- Poland holds the world record for messing up Russia (disputed by the Mongols, though theirs predate the Renaissance), as in 1610 it conquered Moscow, deposed the Tsar and installed its own figurehead. The runner up is Napoleonic France, as it managed to conquer Moscow, but failed to do the rest.
- Persecution of the opposition, incarceration and outright murder of members of the underground army and state that happened to be aligned with the legal London government, not the Soviets that just years prior murdered Polish people en masse, etc.
- Case in point: the word for crime has 3 vowels and 8 consonants in 3 clusters.
- This territorial claim is sometimes contested by France.
- The Onion (October 2007). Our Dumb World. "Poland" (p. 168). New York: Little, Brown and Company.
- Wiktionary: łaska
- Wiktionary: laska
- OECD: Economic Survey of Poland 2014
- World Bank Group: Doing Business in Poland
- IEA: Poland
- The Catholic Church's Fading Influence in Poland
- Relevant chart and article on Polish Wikipedia
- Polish pop star faces two years’ prison for blasphemy
- 5 tys. grzywny dla Dody za obrazę uczuć religijnych. Autorów Biblii określiła jako "naprutych winem i palących jakieś zioła" (in Polish)
- "Nergal" niewinny. Darcie Biblii "formą sztuki" (in Polish)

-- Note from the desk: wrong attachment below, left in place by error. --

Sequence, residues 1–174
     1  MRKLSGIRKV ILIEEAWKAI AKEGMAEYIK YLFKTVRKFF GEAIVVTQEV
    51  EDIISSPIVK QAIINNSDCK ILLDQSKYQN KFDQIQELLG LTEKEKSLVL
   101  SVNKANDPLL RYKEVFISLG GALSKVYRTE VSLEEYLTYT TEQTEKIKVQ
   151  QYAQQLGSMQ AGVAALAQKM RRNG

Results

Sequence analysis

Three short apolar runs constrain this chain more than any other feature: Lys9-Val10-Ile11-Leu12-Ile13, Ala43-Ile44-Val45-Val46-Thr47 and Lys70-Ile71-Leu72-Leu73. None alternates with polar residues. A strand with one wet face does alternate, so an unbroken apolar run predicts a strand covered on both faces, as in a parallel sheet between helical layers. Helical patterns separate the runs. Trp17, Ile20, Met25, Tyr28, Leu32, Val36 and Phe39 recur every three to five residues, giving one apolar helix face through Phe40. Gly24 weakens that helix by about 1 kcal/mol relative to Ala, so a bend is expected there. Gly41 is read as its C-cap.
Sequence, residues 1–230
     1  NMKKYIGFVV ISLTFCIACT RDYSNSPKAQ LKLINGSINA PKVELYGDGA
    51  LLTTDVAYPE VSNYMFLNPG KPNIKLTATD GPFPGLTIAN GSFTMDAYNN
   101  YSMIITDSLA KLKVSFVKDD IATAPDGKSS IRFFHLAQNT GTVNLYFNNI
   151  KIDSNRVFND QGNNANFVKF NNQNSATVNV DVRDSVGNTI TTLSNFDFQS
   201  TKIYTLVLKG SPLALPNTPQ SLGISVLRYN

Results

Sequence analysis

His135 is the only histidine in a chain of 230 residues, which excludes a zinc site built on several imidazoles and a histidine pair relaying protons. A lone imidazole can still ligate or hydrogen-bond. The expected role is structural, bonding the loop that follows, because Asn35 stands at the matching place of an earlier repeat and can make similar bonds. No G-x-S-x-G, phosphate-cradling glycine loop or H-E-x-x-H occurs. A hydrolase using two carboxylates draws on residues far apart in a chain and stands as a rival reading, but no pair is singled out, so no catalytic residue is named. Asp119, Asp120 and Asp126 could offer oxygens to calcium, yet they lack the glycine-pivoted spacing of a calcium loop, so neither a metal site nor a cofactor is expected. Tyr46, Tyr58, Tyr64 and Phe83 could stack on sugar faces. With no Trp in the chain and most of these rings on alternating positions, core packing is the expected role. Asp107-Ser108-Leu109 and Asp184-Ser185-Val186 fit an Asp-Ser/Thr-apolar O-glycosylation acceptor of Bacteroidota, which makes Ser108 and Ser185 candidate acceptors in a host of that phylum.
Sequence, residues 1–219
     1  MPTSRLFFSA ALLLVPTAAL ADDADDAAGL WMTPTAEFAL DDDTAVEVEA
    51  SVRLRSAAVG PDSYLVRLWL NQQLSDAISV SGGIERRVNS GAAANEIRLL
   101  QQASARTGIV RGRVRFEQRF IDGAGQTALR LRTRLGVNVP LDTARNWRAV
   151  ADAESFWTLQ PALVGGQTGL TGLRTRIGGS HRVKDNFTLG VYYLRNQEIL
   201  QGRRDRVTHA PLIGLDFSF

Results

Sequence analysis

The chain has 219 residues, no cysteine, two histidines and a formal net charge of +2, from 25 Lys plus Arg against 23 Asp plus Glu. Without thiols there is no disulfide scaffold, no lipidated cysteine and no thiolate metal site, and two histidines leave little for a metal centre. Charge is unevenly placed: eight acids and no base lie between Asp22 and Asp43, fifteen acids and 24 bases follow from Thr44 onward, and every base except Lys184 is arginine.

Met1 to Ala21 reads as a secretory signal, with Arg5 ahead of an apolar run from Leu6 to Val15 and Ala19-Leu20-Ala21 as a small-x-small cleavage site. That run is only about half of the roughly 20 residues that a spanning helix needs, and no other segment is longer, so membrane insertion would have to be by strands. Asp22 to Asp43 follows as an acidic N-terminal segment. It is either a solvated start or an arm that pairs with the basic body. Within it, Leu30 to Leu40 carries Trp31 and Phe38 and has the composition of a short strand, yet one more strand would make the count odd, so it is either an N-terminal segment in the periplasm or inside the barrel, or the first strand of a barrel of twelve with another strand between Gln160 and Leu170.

- Legal abortion for Polish women in all neighboring countries (in Polish)
- Millions of Women in Poland Are On Strike Today to Protest Draconian Anti-Abortion Legislation
- Polish government widely condemned over morning-after pill law
- http://queer.pl/news/194830/malzenstwa-homoseksualne-urzad-stanu-cywilnego-sad (in Polish)
- See the Wikipedia article on List of countries by alcohol consumption per capita.
- TVN24 - Palikot fights with a gun and a vibrator (in Polish)
- TVN 24 - "I've made that decision to definitely part ways with politics" (in Polish)
- Nowicka bankrolled by the "abortion industry"? (in Polish)
- Law and Justice won't fight the pact any more - at least according to its program (in Polish)
- Polish President Lech Kaczynski dies in plane crash - BBC News
- That was their actual testimony.
- Broken beer cans and a swollen sausage supposed to prove Tupolev explosion (in Polish)
- Will Poland every uncover the truth about the plane crash that killed its president?, The Guardian, 8 February 2016
- List of victims of the serial suicider (in Polish)
- Kaczyński: "Russo-German condominium in Poland". PO, SLD and PSL outraged, call a press conference. Everyone against PiS (in Polish)
- Divorced parents also to blame for pedophilia, Polish Archbishop Jozef Michalik says
- Archbishop Michalik on the causes of child sexual abuse: divorce, gender and feminists (in Polish)
- New York Times: The Polish Church’s Gender Problem
- Not. PKD was probably having a really bad day that day.
- Pawłowicz about Grodzka
- See the Wikipedia article on Horses in World War II.